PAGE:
'Armenia's accession to Customs Union will change entire Caucasus's geopolitics'

Mon 09 Sep 2013 07:54 GMT | 11:54 Local Time

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News.Az reprints from Stratfor an article titled "The effects of Armenia's decision to join the Customs Union".

Armenia's Sept. 3 decision to join the Russian-led Customs Union solidifies Yerevan's place in Moscow's push to integrate former Soviet states into its orbit while limiting the influence of the West. Armenia's eventual accession to the economic bloc effectively closes the discussion over the country's inclusion into similar EU-led trade deals, and a day after Armenian President Serzh Sarkisian declared his country's intentions to join the Customs Union, the Armenian Parliament canceled hearings it was to hold over negotiations with the European Union regarding its association and free trade agreements. The decision will also impact the ongoing political evolution in the Caucasus region and could bring Armenia's neighbor Georgia further into Russia's economic and political orbit as well.


Armenia has long maintained close economic ties with Russia, though it had been rather hesitant on the Customs Union issue. Moscow has sought to expand membership of the union (which it launched with Belarus and Kazakhstan in 2010) to other states in the former Soviet periphery, with Armenia serving as a leading candidate for expansion. However, Sarkisian remained aloof on such a proposal, preferring to cautiously expand trade ties with the European Union and other countries like Iran in order to diversify the country's economic options.

But Russia has been trying to dissuade countries on its periphery from expanding cooperation with the European Union, particularly as a key Eastern Partnership summit approaches in November. Moscow has pursued a stick-and-carrot approach in this regard, which in Armenia's case involved raising the price of natural gas exports while offering investment and trade benefits for closer integration. Sarkisian's announcement therefore reflects a success in Russia's strategy on the part of Armenia. Armenia's decision likely means that plans to initial the agreements with the European Union in November will be canceled. Though some Armenian officials have held the door open to the EU deals, both Russian and European officials have said that Customs Union membership necessarily precludes further integration with the European Union. Meanwhile, the already close links between Armenia and Russia can be expected to become even stronger, especially since the Customs Union is set to evolve into the Eurasian Union by 2015.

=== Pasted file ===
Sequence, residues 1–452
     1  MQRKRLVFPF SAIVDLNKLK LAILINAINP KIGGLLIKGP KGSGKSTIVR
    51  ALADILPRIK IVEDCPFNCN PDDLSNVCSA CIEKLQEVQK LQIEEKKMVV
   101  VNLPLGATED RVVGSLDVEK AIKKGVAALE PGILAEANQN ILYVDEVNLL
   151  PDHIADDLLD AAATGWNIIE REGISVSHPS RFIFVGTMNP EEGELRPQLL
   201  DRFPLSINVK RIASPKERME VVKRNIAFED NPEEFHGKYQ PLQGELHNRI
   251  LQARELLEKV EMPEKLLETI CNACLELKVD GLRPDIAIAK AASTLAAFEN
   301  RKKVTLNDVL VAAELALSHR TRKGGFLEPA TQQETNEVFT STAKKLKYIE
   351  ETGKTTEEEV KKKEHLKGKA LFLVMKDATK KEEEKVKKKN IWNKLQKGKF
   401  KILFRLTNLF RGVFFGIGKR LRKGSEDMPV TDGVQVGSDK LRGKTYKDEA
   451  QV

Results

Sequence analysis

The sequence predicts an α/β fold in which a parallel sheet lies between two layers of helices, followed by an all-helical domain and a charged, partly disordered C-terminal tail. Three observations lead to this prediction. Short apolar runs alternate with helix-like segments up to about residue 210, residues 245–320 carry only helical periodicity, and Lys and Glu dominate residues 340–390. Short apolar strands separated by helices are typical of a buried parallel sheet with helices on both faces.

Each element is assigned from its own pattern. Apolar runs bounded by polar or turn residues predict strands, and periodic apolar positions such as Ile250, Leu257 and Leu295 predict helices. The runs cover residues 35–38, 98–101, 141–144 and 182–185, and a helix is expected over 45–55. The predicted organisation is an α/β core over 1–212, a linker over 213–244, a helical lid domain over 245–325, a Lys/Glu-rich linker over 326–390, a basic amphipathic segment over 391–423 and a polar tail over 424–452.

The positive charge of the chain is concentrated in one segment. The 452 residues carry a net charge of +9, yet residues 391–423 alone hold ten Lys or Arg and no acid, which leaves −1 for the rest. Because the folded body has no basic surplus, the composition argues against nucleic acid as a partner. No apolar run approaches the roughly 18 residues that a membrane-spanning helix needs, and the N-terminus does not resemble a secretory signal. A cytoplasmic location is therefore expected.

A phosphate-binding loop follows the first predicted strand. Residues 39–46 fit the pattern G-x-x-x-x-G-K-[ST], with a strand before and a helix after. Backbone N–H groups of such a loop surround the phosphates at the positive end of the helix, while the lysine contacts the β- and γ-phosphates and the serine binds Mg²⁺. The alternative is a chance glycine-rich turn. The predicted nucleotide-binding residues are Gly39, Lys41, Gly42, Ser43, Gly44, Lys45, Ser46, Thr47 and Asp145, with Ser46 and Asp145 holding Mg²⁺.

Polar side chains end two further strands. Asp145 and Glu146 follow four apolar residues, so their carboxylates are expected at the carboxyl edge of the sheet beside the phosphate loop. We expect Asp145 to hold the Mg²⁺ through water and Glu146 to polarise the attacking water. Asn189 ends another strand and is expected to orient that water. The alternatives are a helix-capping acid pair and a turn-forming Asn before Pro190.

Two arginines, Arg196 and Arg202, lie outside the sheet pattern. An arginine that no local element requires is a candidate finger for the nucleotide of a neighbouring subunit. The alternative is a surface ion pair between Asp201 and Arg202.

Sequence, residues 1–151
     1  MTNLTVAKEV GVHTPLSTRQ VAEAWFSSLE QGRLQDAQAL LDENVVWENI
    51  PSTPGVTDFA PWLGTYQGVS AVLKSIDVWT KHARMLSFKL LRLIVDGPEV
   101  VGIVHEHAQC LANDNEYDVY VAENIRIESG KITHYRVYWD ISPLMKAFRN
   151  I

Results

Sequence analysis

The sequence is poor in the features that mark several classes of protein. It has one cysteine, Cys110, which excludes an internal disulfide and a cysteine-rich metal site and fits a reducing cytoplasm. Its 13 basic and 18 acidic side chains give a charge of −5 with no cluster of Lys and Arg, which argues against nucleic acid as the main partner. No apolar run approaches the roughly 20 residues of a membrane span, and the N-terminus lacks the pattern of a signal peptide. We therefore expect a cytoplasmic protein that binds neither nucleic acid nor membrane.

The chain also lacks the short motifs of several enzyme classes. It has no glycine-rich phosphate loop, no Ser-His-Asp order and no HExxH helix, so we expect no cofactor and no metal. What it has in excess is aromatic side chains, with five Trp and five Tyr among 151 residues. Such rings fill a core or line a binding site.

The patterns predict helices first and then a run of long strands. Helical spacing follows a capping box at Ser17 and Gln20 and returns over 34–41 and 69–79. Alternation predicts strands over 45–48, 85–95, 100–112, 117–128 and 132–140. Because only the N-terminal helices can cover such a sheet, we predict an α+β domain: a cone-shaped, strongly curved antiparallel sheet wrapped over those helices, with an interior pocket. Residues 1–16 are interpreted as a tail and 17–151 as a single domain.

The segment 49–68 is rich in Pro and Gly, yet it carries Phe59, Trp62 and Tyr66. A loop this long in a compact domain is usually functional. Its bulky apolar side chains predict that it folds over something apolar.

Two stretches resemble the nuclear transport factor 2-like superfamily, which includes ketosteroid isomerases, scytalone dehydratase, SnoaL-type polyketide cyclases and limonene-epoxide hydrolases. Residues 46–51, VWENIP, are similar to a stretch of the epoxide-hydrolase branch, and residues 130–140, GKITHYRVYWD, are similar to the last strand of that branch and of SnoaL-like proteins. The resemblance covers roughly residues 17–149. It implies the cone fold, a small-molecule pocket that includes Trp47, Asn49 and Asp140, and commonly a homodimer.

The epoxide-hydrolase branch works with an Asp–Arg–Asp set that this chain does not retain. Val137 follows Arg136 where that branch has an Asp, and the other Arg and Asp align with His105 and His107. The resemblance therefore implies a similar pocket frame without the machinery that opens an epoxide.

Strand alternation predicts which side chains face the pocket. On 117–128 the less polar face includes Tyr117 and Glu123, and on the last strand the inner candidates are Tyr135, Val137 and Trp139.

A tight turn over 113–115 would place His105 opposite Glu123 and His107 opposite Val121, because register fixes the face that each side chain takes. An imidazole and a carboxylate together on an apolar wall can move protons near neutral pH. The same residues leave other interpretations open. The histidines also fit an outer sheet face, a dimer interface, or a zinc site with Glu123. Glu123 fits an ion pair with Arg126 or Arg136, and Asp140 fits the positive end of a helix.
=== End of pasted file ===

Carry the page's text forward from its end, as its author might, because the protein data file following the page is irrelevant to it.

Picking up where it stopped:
Armenia's potential membership (actual accession will likely take at least 1-2 years) will also have regional implications. Armenia does not share a physical border with Russia, necessitating a transit state for closer customs and trade links. Armenia's border with Azerbaijan is closed over the Nagorno-Karabakh issue, leaving Georgia as the logical candidate to serve as a transit country. Indeed, Georgia has already seen a slow but significant opening to Russia under the leadership of Prime Minister Bidzina Ivanishvili, with trade and visa links seeing limited resumptions. There have also been initial talks on reopening rail traffic between Russia and Armenia through Georgia and the breakaway territory of Abkhazia. Armenia's membership in the Customs Union will likely increase the prospects of such projects even further.

However, there are still many elements that could derail a complete transformation in regional economic and political dynamics. Armenia has already seen protests over the Customs Union announcement led by the opposition Heritage Party, though these have so far remained small. And while Ivanishvili has oriented Georgia more closely toward Moscow (he recently said that the details of Georgia's potential Eurasian Union membership are ''worth examining''), Georgia's political landscape remains fractured and such moves would be contested by other political elements, particularly those loyal to Georgian President Mikhail Saakashvili. Azerbaijan, another regional country with close energy and economic ties to Georgia and one opposed to Customs Union membership, will try to dissuade Tbilisi from taking any bold moves that threaten its interests in the country.

Ultimately, Armenia's announcement shows that the battle between Russia and the European Union over the former Soviet periphery is intensifying, as countries feel pressured into making a choice between the two camps. Yerevan has chosen Moscow over Brussels, with both immediate and long-term implications for the other countries in the Caucasus region.




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